Activists plan anti-Trump protests across the UK during state visit

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Protesters against the visit of US President Donald Trump gather with placards at a barrier set up to block access to the US ambassador’s residence Winfield House in Regents Park in London on July 12, 2018 where Trump is set to spend the night on the first day of a UK visit. (AFP PHOTO / Tolga AKMEN)

Tens of thousands of protesters are set to take to the streets during U.S. President Donald Trump’s visit to the U.K. CGTN’s Kate Parkinson filed this report from London to find out what kind of reception Trump can expect.

At campaign headquarters, activists were making final preparations for their anti-Trump protests.  The “Stop Trump Coalition” planned what it described as a “Carnival of Resistance,” with protests taking place across the country. These protests started as soon as the U.S. president landed in the U.K.

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On the other side of town, another group of activists were inflating a giant balloon, depicting Trump as a snarling baby, complete with tiny hands and a nappy.

Officials had initially denied the group permission to fly their “Trump Baby” blimp. However, after more than 10,000 people signed a petition, the balloon’s flight was approved. The giant “Trump Baby” will fly over parliament on Friday, when Trump is meeting British Prime Minister Theresa May.

In this photo taken on Tuesday, July 10, 2018, a six-meter high cartoon baby blimp of U.S. President Donald Trump stands inflated during a practice session in Bingfield Park, north London. Trump will get the red carpet treatment on his brief visit to England that begins Thursday (AP Photo/Matt Dunham)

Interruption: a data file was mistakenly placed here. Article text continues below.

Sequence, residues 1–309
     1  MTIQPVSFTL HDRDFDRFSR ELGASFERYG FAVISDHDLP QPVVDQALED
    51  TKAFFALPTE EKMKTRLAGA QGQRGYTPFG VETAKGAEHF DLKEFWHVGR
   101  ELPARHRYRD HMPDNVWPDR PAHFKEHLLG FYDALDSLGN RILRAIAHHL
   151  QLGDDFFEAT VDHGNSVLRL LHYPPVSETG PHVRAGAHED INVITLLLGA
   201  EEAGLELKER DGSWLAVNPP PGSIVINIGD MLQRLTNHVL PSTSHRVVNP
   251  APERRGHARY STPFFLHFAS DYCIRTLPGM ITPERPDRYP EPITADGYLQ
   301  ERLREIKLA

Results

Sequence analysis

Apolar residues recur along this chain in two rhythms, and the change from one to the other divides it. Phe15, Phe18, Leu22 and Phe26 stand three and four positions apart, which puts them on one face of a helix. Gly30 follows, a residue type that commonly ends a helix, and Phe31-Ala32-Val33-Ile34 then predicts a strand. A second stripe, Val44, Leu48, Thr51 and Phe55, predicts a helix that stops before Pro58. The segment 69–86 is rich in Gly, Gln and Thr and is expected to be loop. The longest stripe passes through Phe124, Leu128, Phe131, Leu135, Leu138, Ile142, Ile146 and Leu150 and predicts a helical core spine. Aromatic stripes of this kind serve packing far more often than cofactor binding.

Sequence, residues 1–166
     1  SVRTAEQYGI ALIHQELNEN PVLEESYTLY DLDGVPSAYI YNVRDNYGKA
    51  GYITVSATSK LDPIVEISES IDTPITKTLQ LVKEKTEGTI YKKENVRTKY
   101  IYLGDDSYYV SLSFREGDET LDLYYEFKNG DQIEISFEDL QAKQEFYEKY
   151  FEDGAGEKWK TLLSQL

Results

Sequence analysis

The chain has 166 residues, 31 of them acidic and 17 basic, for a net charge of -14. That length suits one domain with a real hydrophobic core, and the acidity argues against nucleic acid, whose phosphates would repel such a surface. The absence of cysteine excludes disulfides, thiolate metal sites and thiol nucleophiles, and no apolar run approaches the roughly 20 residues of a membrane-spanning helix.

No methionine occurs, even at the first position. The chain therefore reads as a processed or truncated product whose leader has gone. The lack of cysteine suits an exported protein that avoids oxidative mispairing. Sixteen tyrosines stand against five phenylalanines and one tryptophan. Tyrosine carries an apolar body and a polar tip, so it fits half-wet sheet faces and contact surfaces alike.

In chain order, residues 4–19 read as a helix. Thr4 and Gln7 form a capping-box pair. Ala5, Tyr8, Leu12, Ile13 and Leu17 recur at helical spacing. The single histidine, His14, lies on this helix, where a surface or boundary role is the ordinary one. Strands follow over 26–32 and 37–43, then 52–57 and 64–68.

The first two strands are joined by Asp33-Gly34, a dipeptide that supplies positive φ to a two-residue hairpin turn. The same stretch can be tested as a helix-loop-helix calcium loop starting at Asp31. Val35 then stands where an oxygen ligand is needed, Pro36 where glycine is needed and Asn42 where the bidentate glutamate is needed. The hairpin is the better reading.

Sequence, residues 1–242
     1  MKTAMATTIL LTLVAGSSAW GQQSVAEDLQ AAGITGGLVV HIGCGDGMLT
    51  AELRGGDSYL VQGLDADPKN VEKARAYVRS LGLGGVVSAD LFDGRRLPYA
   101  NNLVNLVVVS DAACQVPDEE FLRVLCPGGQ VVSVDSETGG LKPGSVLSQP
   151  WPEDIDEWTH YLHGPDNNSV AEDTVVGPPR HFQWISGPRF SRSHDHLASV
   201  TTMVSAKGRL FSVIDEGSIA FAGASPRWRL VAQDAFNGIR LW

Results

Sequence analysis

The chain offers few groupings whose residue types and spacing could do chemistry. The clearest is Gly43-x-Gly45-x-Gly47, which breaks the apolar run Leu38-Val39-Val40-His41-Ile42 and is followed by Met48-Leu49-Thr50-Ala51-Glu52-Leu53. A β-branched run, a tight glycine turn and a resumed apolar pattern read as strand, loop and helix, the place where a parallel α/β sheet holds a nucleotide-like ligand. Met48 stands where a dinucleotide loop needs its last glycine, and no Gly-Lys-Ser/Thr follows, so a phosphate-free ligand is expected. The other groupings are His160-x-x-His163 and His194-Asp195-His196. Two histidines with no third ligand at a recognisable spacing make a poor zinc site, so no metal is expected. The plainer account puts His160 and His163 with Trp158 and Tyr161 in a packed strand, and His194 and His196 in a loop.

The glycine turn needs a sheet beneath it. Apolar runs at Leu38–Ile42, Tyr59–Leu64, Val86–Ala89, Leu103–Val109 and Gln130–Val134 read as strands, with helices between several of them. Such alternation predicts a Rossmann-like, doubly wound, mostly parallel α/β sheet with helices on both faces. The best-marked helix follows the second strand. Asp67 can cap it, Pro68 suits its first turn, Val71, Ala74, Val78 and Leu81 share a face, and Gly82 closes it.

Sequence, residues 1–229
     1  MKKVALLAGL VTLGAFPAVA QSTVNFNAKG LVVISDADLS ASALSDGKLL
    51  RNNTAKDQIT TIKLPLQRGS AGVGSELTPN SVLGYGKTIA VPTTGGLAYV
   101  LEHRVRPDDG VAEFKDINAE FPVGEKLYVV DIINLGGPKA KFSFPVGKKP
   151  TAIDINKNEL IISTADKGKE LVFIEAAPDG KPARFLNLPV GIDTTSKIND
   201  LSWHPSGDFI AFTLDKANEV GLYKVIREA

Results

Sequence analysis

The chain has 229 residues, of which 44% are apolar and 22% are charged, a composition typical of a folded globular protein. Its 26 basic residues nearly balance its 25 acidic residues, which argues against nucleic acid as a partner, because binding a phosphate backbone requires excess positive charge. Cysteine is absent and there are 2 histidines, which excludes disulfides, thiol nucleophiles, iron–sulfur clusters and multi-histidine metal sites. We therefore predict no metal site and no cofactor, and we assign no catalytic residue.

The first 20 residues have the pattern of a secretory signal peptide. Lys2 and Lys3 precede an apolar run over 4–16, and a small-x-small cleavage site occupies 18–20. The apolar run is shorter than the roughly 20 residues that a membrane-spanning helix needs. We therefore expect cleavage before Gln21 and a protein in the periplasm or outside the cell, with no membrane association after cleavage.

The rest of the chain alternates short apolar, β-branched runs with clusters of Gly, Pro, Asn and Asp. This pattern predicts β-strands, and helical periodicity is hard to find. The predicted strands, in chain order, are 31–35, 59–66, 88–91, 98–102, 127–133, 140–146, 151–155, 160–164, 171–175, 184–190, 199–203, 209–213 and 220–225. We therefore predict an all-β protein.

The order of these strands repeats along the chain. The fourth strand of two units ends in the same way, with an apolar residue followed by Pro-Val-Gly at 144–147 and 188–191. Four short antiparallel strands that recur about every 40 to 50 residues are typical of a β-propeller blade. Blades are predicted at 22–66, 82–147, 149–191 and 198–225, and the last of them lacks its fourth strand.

British political band Captain SKA have released a Trump-remix of their hit song “Liar Liar,” which the group said was originally about Theresa May.

President Trump is largely avoiding the capital and steering clear of the demonstrations. However, protest organizers said their message will still get through.

U.S. President Donald Trump and first lady Melania Trump step off Air Force One as they arrive at London’s Stansted Airport, Thursday, July 12, 2018. (AP Photo/Pablo Martinez Monsivais)

“I am absolutely sure that he will be watching it and looking at it and I am sure he will tell us what he thinks on Twitter. But in many ways I don’t care so much what he thinks,” Nick Dearden of the “Stop Trump Coalition” said.

“What I care about it that those who are on the front line of protesting against him in America feel that they have support around the world – they’re in the firing line – and also that our own government doesn’t feel it’s acceptable to normalize and legitimize the way Trump talks and the types of things he’s done in the way that Theresa May has done.”

Around 100,000 people are expected at Friday’s main, anti-Trump protest. The British government is rolling out the red carpet for the U.S. president, but on the streets, he’ll be getting a far less welcoming reception.

Protesters against the visit of US President Donald Trump gather with placards at a barrier set up to block access to the US ambassador’s residence Winfield House in Regents Park in London on July 12, 2018 where Trump is set to spend the night on the first day of a UK visit. (AFP PHOTO / Tolga AKMEN)